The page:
Flight of ‘Black Elephants’ Has Ukraine’s Gontareva on Alert

Updated on
  • Global economy faces ‘very dangerous’ times, Gontareva says
  • IMF shielding Ukraine, central bank governor says in interview

The outlook for the global economy is so unpredictable that even crisis-ridden Ukraine’s central bank governor is grappling for new metaphors to describe it.

“The situation is very dangerous and nervous everywhere,” Valeriya Gontareva said in interview in Kiev on Wednesday. “All these uncertainties, they are no longer black swans, they are black elephants flying around the world.”

Valeriya Gontareva on Feb. 8.

Photographer: Vincent Mundy/Bloomberg

Ukraine is rebuilding its economy after two revolutions in the span of a decade and a military conflict with Russia-backed separatists in the country’s eastern industrial heartland. A $17.5 billion bailout led by the International Monetary Fund has been beset by delays as Ukraine failed to meet targets for an economic overhaul. New challenges include a potential rollback of globalization and the threat of currency wars as the results of protectionist policies after Brexit and Donald Trump’s election in the U.S., Gontareva said.

Policy makers in Kiev left their benchmark interest rate unchanged at 14 percent last month after the central bank raised its 2017 inflation forecast to 9.1 percent from 8 percent. Consumer prices last month rose 12.6 percent from a year earlier, the most in also a year, spurred by a weaker currency.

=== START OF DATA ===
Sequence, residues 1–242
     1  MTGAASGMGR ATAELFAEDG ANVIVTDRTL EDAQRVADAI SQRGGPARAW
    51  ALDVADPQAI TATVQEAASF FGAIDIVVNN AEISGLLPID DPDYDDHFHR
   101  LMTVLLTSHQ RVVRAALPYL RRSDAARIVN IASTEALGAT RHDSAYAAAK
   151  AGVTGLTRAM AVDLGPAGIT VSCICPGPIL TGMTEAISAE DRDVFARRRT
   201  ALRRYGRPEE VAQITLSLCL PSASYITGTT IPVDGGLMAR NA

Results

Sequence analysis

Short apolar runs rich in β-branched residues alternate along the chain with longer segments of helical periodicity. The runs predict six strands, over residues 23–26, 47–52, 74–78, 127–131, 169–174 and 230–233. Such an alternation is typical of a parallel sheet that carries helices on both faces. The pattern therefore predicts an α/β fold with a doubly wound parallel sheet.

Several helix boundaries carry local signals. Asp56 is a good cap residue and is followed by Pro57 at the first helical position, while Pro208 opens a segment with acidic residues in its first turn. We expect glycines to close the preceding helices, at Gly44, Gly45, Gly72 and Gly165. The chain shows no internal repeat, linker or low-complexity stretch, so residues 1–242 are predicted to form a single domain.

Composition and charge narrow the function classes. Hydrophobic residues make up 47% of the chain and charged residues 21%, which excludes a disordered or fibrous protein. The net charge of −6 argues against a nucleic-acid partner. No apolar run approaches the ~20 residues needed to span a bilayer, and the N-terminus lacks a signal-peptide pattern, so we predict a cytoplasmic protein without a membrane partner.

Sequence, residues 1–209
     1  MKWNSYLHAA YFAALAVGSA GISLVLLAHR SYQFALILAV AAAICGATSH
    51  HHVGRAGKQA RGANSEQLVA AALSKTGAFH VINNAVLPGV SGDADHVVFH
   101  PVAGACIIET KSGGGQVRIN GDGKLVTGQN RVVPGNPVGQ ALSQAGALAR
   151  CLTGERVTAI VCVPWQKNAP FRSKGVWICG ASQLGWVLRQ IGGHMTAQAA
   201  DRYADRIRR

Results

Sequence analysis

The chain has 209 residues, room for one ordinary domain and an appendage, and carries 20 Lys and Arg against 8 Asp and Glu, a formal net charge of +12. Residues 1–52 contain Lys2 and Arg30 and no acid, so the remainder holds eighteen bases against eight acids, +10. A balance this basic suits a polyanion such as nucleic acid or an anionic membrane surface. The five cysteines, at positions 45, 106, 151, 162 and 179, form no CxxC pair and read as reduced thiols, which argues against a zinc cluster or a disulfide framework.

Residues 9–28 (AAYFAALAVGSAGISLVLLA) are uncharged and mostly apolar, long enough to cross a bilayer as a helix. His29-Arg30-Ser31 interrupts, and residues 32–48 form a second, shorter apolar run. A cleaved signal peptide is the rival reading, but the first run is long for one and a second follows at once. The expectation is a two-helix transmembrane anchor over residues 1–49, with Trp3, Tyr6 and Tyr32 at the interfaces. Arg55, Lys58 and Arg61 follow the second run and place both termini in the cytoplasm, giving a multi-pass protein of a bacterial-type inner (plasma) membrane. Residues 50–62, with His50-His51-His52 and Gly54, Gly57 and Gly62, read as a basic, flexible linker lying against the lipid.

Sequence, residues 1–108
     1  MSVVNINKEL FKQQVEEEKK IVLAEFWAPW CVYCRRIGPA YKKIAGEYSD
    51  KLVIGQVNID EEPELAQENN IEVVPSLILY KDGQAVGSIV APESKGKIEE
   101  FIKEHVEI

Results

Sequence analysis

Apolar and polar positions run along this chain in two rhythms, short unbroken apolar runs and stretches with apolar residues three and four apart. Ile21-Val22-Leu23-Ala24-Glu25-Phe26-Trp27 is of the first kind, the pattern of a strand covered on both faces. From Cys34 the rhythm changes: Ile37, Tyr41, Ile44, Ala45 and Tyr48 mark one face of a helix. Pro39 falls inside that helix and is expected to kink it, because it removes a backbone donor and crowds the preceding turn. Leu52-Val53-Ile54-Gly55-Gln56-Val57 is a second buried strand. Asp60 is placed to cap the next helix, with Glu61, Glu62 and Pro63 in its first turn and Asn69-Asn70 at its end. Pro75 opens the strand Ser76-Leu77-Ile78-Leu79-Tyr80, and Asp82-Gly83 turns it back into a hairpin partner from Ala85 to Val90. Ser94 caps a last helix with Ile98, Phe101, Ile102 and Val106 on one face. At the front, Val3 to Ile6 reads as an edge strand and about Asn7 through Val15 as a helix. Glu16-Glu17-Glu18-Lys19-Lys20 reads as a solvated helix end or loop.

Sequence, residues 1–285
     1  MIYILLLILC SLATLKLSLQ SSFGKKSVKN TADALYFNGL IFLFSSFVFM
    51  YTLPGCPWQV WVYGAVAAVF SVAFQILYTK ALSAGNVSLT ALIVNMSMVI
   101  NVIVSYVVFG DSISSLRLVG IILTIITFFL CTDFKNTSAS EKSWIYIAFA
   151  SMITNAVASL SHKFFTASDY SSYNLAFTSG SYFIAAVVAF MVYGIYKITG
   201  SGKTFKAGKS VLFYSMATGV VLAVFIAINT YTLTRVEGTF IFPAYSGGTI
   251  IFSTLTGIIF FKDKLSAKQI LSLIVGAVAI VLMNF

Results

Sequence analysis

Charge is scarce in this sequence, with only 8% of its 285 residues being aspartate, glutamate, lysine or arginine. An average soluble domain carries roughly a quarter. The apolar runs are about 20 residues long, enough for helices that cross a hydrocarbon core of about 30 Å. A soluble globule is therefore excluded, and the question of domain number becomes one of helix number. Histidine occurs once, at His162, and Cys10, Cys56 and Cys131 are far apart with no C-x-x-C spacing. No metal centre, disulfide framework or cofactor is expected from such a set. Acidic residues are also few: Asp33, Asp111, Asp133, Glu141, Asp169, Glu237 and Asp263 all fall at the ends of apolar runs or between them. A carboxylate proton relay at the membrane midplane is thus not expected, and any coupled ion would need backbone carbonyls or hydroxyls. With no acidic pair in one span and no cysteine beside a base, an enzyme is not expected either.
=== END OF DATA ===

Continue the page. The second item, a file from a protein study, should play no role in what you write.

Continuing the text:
Read More: Ukraine’s Economic War

The inflation rate will drop more quickly in the fourth quarter as base effects become favorable again, Gontareva said. That should allow the central bank to ease policy while still keeping its benchmark above the consumer-price index, she said. A surge in commodity prices could yet boost gas prices and inflation, according to Gontareva.

Capital controls, introduced in 2012 and tightened two years later to contain a spiraling currency crisis, may be eased if “we feel that the situation is getting better, all these risks we see now do not materialize” and the cooperation with the IMF continues, Gontareva said. The “first and most important” step is loosening controls on dividend payments, she said.

Ukraine will sign a memorandum with the IMF for the next bailout payment of about $1 billion “in a few days,” according to Gontareva. The tranche may arrive after the lender’s board approves it at the end of February or in early March, she said.

The government is seeking four disbursements totaling $5.5 billion by year-end to boost central bank reserves to $21.3 billion from $15.5 billion in January, Gontareva said. It may also receive 600 million euros ($640 million) from the European Union in the coming weeks, European Commission President Jean-Claude Juncker said Friday in Brussels.

The hryvnia, which plunged 42 percent against the dollar in 2015-2016, has weakened 0.9 percent this year as the central bank has regularly intervened, which Gontareva described as attempts to smooth market movements. It reached its lowest level since January 23 on Friday in Kiev. The central bank sold $26.9 million at an auction to support it.

    Before it's here, it's on the Bloomberg Terminal.